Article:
Natalie “Alabama” Chanin is owner and designer of the American couture line ALABAMA CHANIN and author of Alabama Stitch Book and Alabama Studio Style. Her designs for hand-sewn garments constructed using quilting and stitching techniques from the rural south have been lauded for both their beauty and sustainability. Made from 100% Certified Organic Cotton combined with up-cycled and re-purposed materials by artisans located near Natalie’s home in Florence, Alabama, her designs have earned accolades from peers as a finalist from the Cooper Hewitt National Design Award for Fashion in 2005. In 2005 and 2009, Natalie was chosen as one of the Finalists for the CFDA/VOGUE Fashion Fund and her work is now on showcase in the 2010 Cooper Hewitt Global Triennial.
The fourth exhibition in the Cooper-Hewitt Museum’s National Design Triennial series in “Why Design Now?” is currently on view (through Jan. 9, 2011), and explores the work of designers addressing human and environmental problems across many fields of design from architecture and product design to fashion, graphics, new media and landscape design. The exhibition title asks the question “Why Design Now?” to examine why design thinking is an essential tool for solving some of today’s most urgent problems; what draws creative thinkers, makers and problem solvers to this crucial field of discovery; and why business leaders, policy makers, consumers and citizens should embrace design values. Key developments across design disciplines are presented through eight themes: energy, mobility, community, materials, prosperity, health, communication and simplicity.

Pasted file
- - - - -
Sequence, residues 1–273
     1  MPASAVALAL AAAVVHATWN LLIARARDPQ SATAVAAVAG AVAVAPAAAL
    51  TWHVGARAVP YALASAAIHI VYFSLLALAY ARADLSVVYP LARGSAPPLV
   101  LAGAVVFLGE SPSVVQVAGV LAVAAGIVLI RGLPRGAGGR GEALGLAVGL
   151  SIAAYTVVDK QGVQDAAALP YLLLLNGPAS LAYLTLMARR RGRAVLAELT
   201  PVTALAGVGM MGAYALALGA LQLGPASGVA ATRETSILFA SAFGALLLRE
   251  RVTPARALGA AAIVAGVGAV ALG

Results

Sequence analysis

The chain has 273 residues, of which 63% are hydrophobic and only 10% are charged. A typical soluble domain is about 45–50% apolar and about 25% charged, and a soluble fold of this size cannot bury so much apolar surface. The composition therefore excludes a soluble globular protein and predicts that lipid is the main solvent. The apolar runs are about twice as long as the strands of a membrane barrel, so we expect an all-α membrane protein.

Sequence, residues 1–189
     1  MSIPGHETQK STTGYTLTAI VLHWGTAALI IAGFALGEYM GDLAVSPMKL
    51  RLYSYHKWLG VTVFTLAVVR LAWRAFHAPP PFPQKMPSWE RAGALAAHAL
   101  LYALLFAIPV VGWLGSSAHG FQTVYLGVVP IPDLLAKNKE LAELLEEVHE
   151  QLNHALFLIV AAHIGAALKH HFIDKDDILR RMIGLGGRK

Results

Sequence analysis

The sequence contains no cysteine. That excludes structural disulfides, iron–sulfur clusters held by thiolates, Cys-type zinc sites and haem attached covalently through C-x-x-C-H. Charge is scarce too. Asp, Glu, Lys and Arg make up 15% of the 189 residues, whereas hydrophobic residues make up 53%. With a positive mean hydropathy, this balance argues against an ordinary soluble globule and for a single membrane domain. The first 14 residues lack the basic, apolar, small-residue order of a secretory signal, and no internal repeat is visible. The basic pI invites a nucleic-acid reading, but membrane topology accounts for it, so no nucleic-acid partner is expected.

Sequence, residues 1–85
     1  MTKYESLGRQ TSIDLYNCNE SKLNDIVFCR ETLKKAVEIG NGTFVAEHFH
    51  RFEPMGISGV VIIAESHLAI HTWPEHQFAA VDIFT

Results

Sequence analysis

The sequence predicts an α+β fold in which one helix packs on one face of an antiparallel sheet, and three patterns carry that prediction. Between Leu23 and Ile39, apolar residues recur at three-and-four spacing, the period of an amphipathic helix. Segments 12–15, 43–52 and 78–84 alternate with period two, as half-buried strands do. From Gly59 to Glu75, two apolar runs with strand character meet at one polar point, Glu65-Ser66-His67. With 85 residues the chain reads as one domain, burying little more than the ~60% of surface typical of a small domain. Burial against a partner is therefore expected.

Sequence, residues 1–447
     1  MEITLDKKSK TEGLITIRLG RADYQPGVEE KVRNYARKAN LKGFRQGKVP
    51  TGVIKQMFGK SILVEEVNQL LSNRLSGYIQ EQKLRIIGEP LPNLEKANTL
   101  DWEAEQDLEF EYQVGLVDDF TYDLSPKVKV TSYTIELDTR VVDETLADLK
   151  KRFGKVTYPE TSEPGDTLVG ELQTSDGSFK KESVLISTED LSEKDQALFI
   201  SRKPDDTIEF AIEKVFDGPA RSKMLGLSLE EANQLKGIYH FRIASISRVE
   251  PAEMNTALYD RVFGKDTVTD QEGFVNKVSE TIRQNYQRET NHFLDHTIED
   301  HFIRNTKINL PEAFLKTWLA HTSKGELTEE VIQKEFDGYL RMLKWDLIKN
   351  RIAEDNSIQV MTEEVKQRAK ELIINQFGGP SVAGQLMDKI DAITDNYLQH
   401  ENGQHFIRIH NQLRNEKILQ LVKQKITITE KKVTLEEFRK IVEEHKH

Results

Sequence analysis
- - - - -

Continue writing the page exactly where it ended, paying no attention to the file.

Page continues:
Natalie’s designs are on display under the prosperity section; progressive designers and entrepreneurs are building engines of prosperity that enable local communities to use their own resources to create their own wealth, as well as to participate in the global economy. Natalie’s handmade designs are used as examples of slow design.
Natalie’s work in the fashion industry began in the year 1988 in the New York City fashion district working in the Junior Sportswear industry. From New York, Natalie moved to Europe in 1990 where she worked for ten years as a stylist and costume designer for film and photography.
However, Natalie’s life work began in the year 2000 with the invention of Project Alabama. Natalie returned to her home in Florence, Alabama to produce a collection of 200 one-of-a-kind, up-cycled t-shirts, along with the 22 minute documentary film “Stitch” – about old-time quilting circles in her community. Project Alabama grew quickly and became a full collection fashion company, added business partners, lost business partners, all the while earning respect from editors and stores around the world.
In the year 2006, Project Alabama ceased operations in the state of Alabama. Rather than choosing to outsource, Natalie made the decision to adhere to the original mission of Project Alabama and launched Alabama Chanin where she continues to create limited-edition, rendered-by-hand, jewelry, clothing, home furnishing and textiles using a mixture of organic and recycled materials with local talent.
To view Natalie Chanin’s full CFDA Member Profile please click here.